|Sudan cheetah (A. j. soemmeringii), also known as Central or Northeast African cheetah||Found in the central and northeastern regions of the continent and in the Horn of Africa. This subspecies was considered identical to the South African cheetah until a 2011 genetic analysis demonstrated significant differences. It is the second-largest of the surviving subspecies. In 2002, the total population was estimated at around 2,000 individuals in the wild.|
|Northwest African cheetah (A. j. hecki), also known as the Saharan cheetah||Lives in the northwestern part of Africa. With an estimated total world population of only 250 mature individuals, it is listed as Critically Endangered. It is the palest and smallest African cheetah subspecies.|
|Asiatic cheetah (A. j. venaticus), also known as Iranian or Indian cheetah||Found today only in the deserts of Iran, and is thus the only surviving cheetah subspecies indigenous to Asia. It is the most Critically Endangered cheetah subspecies, and one of the most endangered animals in the world. As of 2015, the wild population is estimated at 50 to 70 individuals, found mostly in Iran's national parks. It is among the smallest cheetah subspecies, with a slighter build than the African cheetahs, more fur on the back of the neck, a longer and more powerful neck, thinner tear marks and a smaller head. It is the only subspecies that has a woolly winter coat.
The cheetah's chest is deep and its waist is narrow. The coarse, short fur of the cheetah is tan with round black spots measuring from 2 to 3 cm (0.79 to 1.18 in) across, affording it some camouflage while hunting. There are no spots on its white underside, but the tail has spots, which merge to form four to six dark rings at the end. The tail usually ends in a bushy white tuft. The cheetah has a small head with high-set eyes. Black "tear marks" running from the corner of its eyes down the sides of the nose to its mouth keep sunlight out of its eyes and aid in hunting and seeing long distances. Its thin and fragile body make it well-suited to short bursts of high speed, but not to long-distance running.
Agility, rather than raw speed, accounts for much of the cheetah's ability to catch prey. Cheetahs can accelerate four times as fast as a human (thanks to greater muscle power) and can slow down by 14 kilometers per hour in one stride. They can hunt successfully in densely vegetated areas.
Adult cheetahs are 70 to 90 cm (28 to 35 in) tall at the shoulder. Males are slightly taller than females and have slightly bigger heads with wider incisors and longer mandibles. Measurements taken of wild cheetahs in Namibia and East Africa indicate that females range in head-and-body length from 113 to 140 cm (44 to 55 in) with 59.5 to 73 cm (23.4 to 28.7 in) long tails, and weigh between 21 and 63 kg (46 and 139 lb); males range in head-and-body length from 113 to 136 cm (44 to 54 in) with 60 to 84 cm (24 to 33 in) long tails, and weigh between 28.5 and 65 kg (63 and 143 lb).
Compared to a similarly sized leopard, the cheetah has generally a shorter body, but a longer tail and is taller. The cheetah's paws have semi-retractable claws (known only in three other cat species: the fishing cat, the flat-headed cat and the Iriomote cat), offering extra grip in its high-speed pursuits. The ligament structure of the cheetah's claws is the same as those of other cats; it simply lacks the sheath of skin and fur present in other varieties, and therefore, with the exception of the dewclaw, the claws are always visible. The dewclaw is much shorter and straighter than that of other cats.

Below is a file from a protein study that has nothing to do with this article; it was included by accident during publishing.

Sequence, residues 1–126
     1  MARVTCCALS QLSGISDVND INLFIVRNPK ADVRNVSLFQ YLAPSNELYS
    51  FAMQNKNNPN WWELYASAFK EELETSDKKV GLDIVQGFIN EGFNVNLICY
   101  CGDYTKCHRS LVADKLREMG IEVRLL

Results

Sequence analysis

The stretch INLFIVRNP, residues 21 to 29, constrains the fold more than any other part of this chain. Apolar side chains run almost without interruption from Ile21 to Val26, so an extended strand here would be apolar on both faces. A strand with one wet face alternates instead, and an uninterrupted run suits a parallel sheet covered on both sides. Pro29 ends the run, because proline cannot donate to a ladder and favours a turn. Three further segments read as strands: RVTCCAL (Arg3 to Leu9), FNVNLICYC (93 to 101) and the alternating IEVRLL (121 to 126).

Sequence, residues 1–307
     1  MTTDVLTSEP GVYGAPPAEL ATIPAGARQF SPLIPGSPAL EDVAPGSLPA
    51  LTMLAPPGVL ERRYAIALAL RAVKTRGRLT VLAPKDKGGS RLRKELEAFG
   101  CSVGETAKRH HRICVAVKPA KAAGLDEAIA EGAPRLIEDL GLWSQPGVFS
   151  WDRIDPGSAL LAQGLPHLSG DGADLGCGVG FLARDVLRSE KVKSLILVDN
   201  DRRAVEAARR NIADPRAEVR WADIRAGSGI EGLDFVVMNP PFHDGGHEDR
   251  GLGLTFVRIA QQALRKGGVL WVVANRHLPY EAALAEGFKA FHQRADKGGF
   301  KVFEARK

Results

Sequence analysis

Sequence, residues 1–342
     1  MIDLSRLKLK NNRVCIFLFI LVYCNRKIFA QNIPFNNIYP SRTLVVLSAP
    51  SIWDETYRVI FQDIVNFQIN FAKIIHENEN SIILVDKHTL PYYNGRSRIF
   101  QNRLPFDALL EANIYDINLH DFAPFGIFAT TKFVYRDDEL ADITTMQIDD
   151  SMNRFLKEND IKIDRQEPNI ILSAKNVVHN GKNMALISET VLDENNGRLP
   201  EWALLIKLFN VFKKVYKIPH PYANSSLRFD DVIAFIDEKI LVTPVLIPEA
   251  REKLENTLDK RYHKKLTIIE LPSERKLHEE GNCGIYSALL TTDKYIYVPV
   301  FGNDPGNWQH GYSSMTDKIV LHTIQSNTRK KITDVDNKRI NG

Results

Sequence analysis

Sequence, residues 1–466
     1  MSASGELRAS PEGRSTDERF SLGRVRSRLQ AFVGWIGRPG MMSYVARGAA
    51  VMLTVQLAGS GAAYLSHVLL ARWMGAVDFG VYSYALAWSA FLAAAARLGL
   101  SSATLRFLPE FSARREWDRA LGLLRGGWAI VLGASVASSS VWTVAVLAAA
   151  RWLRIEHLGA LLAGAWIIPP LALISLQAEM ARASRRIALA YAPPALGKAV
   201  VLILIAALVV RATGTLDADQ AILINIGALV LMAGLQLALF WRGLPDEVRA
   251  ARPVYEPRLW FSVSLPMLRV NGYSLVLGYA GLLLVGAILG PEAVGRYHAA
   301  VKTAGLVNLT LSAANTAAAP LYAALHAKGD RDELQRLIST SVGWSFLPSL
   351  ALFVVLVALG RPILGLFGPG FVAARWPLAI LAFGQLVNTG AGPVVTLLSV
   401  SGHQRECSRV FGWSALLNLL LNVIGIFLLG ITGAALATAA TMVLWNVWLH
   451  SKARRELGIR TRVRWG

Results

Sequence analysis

Adaptations that enable the cheetah to run as fast as it does include large nostrils that allow for increased oxygen intake, and an enlarged heart and lungs that work together to circulate oxygen efficiently. During a typical chase, its respiratory rate increases from 60 to 150 breaths per minute. While running, in addition to having good traction due to its semi-retractable claws, the cheetah uses its tail as a rudder-like means of steering to allow it to make sharp turns, necessary to outflank prey animals that often make such turns to escape.
Unlike true big cats of subfamily Pantherinae, the cheetah can purr as it inhales, but cannot roar. By contrast, the big cats can roar but cannot purr, except while exhaling. The cheetah is still considered by some to be the smallest of the big cats. While it is often mistaken for the leopard, the cheetah does have distinguishing features, such as the aforementioned long tear marks that run from the corners of its eyes to its mouth, and spots that are not "rosettes". The thinner body frame of the cheetah is also very different from that of the leopard.
The cheetah is a vulnerable species. Of all the big cats, it is the least able to adapt to new environments. It has always proved difficult to breed in captivity, although recently a few zoos have managed to succeed at this. One technique has been to introduce a dog as a playmate and guard dog to enable a captive cheetah to feel less threatened.
Once widely hunted for its fur, the cheetah now suffers more from the loss of both habitat and prey, conflict with humans and the illegal pet trade.
The cheetah was formerly considered to be particularly primitive among the cats and to have evolved approximately 18 million years ago. However, new research suggests the last common ancestor of all 40 existing species of felines lived more recently than about 11 million years ago. The same research indicates that the cheetah, while highly derived morphologically, is not of particularly ancient lineage, having separated from its closest living relatives (Puma concolor, the cougar, and Puma yaguarondi, the jaguarundi) around five million years ago. These felids have not changed appreciably since they first appeared in the fossil record.
Morphs and variations